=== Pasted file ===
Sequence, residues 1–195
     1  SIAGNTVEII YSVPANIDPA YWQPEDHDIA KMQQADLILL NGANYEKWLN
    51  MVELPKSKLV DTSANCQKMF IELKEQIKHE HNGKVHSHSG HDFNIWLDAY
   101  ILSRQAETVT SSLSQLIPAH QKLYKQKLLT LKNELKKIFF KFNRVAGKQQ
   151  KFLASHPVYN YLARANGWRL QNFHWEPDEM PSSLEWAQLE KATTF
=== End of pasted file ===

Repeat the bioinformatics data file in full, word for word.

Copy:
Sequence, residues 1–195
     1  SIAGNTVEII YSVPANIDPA YWQPEDHDIA KMQQADLILL NGANYEKWLN
    51  MVELPKSKLV DTSANCQKMF IELKEQIKHE HNGKVHSHSG HDFNIWLDAY
   101  ILSRQAETVT SSLSQLIPAH QKLYKQKLLT LKNELKKIFF KFNRVAGKQQ
   151  KFLASHPVYN YLARANGWRL QNFHWEPDEM PSSLEWAQLE KATTF